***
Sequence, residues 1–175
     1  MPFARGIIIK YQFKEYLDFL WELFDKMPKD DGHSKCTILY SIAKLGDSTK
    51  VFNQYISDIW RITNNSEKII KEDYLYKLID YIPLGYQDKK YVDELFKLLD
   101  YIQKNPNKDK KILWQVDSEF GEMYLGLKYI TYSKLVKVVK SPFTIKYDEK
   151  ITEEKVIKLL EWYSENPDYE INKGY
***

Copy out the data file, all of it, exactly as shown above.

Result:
Sequence, residues 1–175
     1  MPFARGIIIK YQFKEYLDFL WELFDKMPKD DGHSKCTILY SIAKLGDSTK
    51  VFNQYISDIW RITNNSEKII KEDYLYKLID YIPLGYQDKK YVDELFKLLD
   101  YIQKNPNKDK KILWQVDSEF GEMYLGLKYI TYSKLVKVVK SPFTIKYDEK
   151  ITEEKVIKLL EWYSENPDYE INKGY